Understanding how zooplankton responds to sudden environmental change
During her PhD project, Joana Cruz focused her research on plankton communities and secondary production in Portuguese coastal waters. During her research, she used a more intensive sampling during the most productive season of Ria Formosa lagoon system to see how zooplankton responds to sudden modifications in the environment.
Plankton communities as indicators of environmental change
Coastal lagoons such Ria Formosa, in the south of Portugal, are shallow and nutrient-rich ecosystems. They are typically unstable environments, threatened by climate change and usually under intense anthropogenic pressure. To such modiﬁcations in the environment, planktonic organisms are quick to respond, hence they are considered good indicators of environmental change in ecosystems.
However, it is difficult to infer the specific links between environmental variability and plankton dynamics in coastal lagoons, as previous studies focus mostly on long-term temporal scales using monthly or seasonal sampling strategies. Joana’s study analyzed several ecological indicators of the tiny copepod Acartia clausi in Ria Formosa (a temperate coastal lagoon) during the summer, using an intensive sampling approach.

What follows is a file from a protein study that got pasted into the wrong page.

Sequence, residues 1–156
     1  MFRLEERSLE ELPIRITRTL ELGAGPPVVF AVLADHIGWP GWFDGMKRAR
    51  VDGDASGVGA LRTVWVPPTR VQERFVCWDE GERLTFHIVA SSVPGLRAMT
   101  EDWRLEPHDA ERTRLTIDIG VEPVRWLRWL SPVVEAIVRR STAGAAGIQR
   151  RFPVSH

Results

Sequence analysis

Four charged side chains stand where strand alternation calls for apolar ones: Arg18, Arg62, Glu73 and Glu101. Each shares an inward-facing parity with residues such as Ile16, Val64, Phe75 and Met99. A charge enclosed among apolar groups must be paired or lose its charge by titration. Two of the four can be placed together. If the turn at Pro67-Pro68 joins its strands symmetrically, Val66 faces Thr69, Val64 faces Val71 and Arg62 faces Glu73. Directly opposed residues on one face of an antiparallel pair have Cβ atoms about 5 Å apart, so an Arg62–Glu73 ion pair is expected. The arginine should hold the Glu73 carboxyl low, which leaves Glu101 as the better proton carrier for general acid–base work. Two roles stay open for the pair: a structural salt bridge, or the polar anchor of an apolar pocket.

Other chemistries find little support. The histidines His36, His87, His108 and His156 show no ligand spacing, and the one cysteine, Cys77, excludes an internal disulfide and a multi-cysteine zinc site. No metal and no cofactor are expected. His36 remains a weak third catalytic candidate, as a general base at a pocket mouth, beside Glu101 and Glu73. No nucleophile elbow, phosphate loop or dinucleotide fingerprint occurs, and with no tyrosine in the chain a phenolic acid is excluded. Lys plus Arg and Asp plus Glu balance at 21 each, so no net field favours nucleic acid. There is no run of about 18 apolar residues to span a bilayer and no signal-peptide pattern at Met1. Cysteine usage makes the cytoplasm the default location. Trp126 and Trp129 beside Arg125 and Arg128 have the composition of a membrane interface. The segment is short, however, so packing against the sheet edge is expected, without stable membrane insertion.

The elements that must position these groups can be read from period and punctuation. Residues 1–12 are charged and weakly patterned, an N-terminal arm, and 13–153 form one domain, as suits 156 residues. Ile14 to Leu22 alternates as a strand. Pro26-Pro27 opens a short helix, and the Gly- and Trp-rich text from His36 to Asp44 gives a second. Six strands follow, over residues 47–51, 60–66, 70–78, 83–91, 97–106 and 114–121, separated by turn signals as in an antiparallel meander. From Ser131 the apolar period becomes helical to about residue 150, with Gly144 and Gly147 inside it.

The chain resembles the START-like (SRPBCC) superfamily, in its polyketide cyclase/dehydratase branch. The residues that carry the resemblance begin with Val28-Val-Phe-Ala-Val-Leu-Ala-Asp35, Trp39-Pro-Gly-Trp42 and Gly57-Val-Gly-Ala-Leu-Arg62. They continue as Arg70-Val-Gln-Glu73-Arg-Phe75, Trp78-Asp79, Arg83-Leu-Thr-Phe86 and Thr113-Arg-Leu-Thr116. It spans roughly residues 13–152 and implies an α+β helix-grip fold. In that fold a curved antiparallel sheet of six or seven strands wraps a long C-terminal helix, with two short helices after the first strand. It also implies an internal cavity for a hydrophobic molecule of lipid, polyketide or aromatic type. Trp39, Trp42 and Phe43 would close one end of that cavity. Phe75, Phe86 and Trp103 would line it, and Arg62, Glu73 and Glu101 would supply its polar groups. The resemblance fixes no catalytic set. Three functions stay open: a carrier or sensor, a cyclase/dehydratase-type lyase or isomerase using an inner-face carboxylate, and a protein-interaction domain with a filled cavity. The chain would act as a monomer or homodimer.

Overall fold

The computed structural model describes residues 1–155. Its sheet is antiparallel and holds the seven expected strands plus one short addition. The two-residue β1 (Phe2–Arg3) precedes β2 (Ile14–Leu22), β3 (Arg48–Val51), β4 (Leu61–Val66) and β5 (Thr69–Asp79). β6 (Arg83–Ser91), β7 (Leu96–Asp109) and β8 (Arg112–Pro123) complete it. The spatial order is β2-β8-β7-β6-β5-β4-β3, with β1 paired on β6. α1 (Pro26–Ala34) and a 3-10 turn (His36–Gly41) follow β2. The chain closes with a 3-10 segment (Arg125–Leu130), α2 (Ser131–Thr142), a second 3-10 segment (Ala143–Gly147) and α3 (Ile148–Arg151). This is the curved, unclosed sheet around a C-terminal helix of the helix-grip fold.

Main factors affecting zooplankton communities
Results from this study showed that Ria Formosa coastal lagoon system presents a high variability in the zooplankton community abundances, composition or production, in a short temporal scale. The factor that better explained this variability was salinity, followed by tidal phase, temperature and food.
The important role of zooplankton to study climate changes and anthropogenic impacts
This study reveals that different timescales should be used in regular monitoring of planktonic communities.
Monitoring zooplankton is extremely helpful to study climate changes and to monitor anthropogenic impacts, as these organisms respond rapidly to modifications in the environment. It also improves fisheries management, given that they are important food items for the early life stages of many fisheries resources inhabiting Ria Formosa lagoon system.
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